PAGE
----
Create a new Web app, as shown below.

 

Click Web App and Create. 



Name the Web app. In my case, I named it as kendoControlDemo. Choose your subscription, resource group and plan. Once all the settings are done, click Create.

The Web app deployment process starts.

Once the deployment completes, just click App Service from the menu, which will list out the number of app Services; which you created. Click the recently created kendoControlDemo app, as shown below. 

 

You will get a basic information regarding the Web app from the overview. You will notice a separate URL is created for your Web app.

In the setting, you can find deployment option. Click it and it will open a set up deployment source page. Now, choose source and select GitHub, as shown below.



Now, the authorize process will start, give your GitHub credential to integrate the Web app with your GitHub resource. No worries, your password details will be safe and it won’t be saved in an Azure. It’s completely a token based authentication process.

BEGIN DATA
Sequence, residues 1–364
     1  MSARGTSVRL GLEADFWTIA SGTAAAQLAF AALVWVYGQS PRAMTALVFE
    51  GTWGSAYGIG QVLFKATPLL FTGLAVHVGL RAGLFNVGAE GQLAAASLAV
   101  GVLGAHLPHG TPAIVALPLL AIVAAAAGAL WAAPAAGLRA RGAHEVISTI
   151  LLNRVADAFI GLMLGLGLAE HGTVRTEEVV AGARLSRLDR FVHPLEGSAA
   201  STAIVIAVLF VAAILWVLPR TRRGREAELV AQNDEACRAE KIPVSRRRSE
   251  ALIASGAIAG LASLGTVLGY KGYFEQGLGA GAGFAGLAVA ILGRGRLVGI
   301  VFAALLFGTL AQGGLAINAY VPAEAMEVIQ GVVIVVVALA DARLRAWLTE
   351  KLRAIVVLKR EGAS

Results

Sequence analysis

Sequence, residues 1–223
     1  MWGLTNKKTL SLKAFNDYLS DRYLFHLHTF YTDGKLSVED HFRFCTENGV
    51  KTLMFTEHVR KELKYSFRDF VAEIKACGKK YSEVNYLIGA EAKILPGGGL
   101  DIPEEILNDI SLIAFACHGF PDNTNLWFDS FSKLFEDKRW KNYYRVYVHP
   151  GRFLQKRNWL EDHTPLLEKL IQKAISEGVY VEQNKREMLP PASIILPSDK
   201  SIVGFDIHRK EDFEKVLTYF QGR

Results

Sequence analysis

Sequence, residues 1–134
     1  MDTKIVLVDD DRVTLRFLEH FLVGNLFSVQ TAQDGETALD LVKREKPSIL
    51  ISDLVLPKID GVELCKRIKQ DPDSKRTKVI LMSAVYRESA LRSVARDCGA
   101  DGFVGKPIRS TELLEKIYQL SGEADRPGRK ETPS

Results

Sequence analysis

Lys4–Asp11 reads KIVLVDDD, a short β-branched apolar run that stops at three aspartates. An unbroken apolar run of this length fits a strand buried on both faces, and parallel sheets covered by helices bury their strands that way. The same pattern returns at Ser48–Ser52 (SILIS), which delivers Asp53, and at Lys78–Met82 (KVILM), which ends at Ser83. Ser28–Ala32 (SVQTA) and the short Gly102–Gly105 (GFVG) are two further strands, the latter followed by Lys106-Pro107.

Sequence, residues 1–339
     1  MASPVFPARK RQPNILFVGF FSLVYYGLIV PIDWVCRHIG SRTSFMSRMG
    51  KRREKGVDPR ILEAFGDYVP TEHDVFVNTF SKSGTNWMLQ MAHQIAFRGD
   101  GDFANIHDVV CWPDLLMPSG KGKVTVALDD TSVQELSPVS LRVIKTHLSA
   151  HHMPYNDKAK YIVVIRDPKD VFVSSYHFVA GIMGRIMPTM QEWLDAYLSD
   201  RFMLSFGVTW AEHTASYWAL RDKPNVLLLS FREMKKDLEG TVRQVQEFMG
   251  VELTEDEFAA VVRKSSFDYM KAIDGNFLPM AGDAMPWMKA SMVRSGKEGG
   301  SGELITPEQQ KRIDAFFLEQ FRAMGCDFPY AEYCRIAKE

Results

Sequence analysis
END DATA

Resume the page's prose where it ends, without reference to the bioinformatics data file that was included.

Once your authorization process completes, you are able to choose your project and the branch.

 

Finally, click Ok for the deployment.
 
Once the deployment is sucessful, let's test our API, using POSTMAN tool, as shown below.
 
 
 
Yes, our GitHub source has been successfully deployed in Azure, using the Web app Service.
 
I hope, you have enjoyed this article. Your valuable feedback, questions or comments about this article are always welcome.